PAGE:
Against Kvitova, who won a title on grass in Eastbourne last weekend and had won seven straight matches, the 24-year-old Badosa in her third Wimbledon garnered her biggest grass-court victory. Now, after withstanding 34 winners from Kvitova while hitting 16 of her own to just 11 unforced errors, Badosa is into the round of 16 for the second straight year. She saved 10 of 11 break points she faced and outpointed Kvitova 98-89.

“As you know, Petra is a champion and for me one of the biggest challenges is to play Petra on grass – and today, being able to play against her was already a pleasure,” Badosa said in her on-court interview that followed her victory. “You can imagine how I feel after this win; for me it’s unbelievable.

“I remember 2014, I came here to play juniors and one of the first matches I watched was on Centre Court, her, Petra winning Wimbledon.

“So, you can imagine for me, stepping on Centre Court for the first time playing against a legend like her is really, really special. She’s been an inspiration for me in my career.”

Meanwhile, the 2019 Wimbledon champion Halep sprinted to an easy 6-4, 6-1 third-round victory over No. 92 Magdalena Frech of Poland in 67 minutes on No. 2 Court. Halep also beat Frech at this year’s Australian Open. The World No. 18 from Romania hit 24 winners and outpointed her opponent 57-39.

• No. 11 seed Taylor Fritz of the United States moved into the fourth round with an impressive 6-4, 6-1, 7-6 (3) win over No. 51 Alex Molcan of Slovakia in an hour and 40 minutes on No. 3 Court.

The World No. 14 Fritz, who has won titles this year at Indian Wells and Eastbourne, hit 20 aces and won 86 percent (50 of 58) of his first-serve points. He struck 41 winners to just 18 unforced errors, converted five of eight break points and outpointed Molcan 99-69, controlling the match from the outset.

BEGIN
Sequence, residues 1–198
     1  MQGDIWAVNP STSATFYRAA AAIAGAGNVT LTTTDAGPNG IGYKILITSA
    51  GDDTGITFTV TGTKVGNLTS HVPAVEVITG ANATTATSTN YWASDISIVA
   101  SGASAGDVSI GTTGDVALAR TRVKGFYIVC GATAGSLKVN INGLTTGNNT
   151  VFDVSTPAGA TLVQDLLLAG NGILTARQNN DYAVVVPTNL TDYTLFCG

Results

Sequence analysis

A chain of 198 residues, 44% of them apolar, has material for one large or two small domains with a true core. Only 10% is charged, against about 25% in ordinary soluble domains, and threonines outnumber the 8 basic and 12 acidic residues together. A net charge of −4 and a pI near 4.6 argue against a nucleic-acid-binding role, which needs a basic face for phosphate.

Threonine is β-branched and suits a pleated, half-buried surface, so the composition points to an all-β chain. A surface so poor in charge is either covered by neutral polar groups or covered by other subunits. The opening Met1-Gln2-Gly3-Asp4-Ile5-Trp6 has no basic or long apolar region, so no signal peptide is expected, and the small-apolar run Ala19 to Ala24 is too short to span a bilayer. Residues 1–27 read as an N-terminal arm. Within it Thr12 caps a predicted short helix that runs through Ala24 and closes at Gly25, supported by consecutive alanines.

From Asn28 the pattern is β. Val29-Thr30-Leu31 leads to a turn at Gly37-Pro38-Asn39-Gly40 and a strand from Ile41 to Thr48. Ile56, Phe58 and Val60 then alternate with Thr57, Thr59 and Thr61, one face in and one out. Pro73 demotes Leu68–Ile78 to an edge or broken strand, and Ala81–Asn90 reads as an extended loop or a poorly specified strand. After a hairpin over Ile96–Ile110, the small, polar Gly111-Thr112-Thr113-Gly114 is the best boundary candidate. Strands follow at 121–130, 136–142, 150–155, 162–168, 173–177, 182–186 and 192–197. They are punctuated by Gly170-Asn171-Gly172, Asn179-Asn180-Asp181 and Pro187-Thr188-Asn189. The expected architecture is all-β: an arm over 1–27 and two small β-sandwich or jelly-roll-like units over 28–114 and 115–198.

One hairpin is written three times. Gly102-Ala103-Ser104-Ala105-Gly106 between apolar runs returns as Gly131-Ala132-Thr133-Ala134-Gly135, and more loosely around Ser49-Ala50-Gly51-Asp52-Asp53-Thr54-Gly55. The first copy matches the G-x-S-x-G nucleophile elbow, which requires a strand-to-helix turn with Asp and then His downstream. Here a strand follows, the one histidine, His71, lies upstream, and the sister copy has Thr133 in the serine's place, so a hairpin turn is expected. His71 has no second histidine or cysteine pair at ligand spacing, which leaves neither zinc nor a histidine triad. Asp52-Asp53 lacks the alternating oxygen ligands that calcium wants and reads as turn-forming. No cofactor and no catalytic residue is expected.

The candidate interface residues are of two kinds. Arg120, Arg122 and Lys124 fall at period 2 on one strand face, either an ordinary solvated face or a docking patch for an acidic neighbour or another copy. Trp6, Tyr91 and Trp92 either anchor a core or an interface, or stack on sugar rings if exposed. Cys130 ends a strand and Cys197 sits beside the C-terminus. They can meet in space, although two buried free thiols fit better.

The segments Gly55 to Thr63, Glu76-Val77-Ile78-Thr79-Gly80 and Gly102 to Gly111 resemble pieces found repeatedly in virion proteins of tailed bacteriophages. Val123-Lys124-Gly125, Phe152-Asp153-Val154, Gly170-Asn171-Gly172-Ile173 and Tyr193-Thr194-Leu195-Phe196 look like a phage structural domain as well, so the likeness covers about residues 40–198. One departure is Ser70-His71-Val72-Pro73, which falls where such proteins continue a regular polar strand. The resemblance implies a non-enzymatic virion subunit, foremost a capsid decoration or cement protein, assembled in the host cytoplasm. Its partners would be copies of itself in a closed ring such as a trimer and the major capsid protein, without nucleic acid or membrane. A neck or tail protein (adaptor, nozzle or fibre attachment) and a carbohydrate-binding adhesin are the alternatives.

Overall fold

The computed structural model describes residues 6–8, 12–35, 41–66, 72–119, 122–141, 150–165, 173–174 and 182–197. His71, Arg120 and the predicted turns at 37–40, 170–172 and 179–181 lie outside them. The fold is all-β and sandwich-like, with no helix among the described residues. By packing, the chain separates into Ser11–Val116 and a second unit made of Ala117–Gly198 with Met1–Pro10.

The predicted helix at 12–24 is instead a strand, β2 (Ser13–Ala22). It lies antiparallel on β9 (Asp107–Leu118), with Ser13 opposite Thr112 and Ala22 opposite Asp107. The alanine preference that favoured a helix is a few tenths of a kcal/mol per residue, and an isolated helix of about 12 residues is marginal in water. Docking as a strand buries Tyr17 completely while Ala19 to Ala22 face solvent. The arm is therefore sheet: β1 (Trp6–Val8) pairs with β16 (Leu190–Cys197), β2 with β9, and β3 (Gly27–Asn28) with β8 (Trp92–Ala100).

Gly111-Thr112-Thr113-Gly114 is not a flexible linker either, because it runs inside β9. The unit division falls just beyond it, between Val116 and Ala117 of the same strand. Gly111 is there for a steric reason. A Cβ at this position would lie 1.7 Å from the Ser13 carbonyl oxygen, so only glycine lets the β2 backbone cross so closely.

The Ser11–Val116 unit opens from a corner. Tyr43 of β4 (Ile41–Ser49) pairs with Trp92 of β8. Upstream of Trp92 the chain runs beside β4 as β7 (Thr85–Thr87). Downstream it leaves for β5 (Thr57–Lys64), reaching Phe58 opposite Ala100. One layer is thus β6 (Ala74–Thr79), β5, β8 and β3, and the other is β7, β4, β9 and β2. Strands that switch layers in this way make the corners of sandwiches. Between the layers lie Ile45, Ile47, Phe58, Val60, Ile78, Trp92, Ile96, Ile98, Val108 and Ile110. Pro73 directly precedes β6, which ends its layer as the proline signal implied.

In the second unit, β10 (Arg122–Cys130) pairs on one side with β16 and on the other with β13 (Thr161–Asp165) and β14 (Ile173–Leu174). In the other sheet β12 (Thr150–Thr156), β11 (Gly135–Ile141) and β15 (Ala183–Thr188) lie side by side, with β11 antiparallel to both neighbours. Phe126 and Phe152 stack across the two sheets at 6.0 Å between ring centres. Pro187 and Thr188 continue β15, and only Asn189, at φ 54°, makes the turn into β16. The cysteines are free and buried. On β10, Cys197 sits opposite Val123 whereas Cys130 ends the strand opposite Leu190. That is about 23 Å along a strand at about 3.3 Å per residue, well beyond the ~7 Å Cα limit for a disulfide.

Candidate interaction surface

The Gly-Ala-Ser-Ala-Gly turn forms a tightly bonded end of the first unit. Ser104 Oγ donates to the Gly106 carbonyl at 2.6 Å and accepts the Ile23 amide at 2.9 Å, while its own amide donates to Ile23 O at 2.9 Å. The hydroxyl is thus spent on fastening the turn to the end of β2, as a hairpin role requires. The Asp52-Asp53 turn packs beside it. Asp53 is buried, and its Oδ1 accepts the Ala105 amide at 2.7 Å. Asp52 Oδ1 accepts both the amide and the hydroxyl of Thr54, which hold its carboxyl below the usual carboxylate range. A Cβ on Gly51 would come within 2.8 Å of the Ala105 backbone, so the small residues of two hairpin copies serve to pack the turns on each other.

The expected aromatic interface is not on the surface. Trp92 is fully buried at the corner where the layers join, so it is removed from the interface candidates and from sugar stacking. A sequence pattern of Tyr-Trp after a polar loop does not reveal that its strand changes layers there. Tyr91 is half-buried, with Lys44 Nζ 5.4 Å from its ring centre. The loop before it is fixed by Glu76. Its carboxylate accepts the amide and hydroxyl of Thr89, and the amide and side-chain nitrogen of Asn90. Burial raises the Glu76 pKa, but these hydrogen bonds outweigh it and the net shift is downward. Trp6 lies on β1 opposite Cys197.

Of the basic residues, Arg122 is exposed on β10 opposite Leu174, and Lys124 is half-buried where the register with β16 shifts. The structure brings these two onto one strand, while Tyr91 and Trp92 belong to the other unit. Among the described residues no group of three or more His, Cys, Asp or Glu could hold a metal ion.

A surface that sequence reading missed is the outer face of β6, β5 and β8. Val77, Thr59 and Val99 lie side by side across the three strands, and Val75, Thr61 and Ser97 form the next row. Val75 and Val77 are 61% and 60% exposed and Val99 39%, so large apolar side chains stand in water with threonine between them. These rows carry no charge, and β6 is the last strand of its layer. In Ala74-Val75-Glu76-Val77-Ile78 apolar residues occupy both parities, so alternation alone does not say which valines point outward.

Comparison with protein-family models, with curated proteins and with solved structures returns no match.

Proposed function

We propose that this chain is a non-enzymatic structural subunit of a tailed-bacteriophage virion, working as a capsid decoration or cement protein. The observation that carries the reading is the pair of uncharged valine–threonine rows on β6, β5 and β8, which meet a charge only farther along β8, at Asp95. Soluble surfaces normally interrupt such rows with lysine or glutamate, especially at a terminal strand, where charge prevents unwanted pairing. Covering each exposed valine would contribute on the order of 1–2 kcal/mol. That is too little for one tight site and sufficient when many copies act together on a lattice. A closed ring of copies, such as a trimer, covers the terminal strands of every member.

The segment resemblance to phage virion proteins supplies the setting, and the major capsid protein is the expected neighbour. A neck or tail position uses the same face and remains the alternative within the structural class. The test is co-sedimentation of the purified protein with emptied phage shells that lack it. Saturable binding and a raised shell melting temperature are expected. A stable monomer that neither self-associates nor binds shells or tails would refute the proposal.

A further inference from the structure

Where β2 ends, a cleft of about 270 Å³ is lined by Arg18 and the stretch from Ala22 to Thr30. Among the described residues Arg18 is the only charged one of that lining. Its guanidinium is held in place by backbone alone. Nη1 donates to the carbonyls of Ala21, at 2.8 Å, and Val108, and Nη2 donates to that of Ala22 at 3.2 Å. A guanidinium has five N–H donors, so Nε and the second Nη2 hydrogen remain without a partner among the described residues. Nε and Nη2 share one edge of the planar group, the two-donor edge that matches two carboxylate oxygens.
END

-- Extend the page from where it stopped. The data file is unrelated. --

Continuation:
“I’m really happy; I played an amazing match the whole time,” Fritz said in his on-court interview. “Serving out, honestly – I played fine that game. He was. Kind of just picking sides on my serve and he was picking the right sides in the last game. So, I just had to regroup and play a really solid tie-break. And I did.

“I started this year really well and then I had some injuries. So, I wasn’t feeling great. Then, the title last week at Eastbourne really just did so much for my confidence and now I’m feeling really good again this tournament.”

Next, Fritz will face 99th-ranked Australian qualifier Jason Kubler, who needed four hours and 15 minutes to beat Jack Sock of the United States, 6-2, 4-6, 5-7, 7-6 (4), 6-3, on Court 18. The 103rd-ranked American qualifier had won five straight matches (three in qualifying, two in the main draw) to reach the third round. Kubler overcame Sock’s offensive onslaught of 23 aces and 66 winners by hitting 57 winners of his own. Points were even at 162.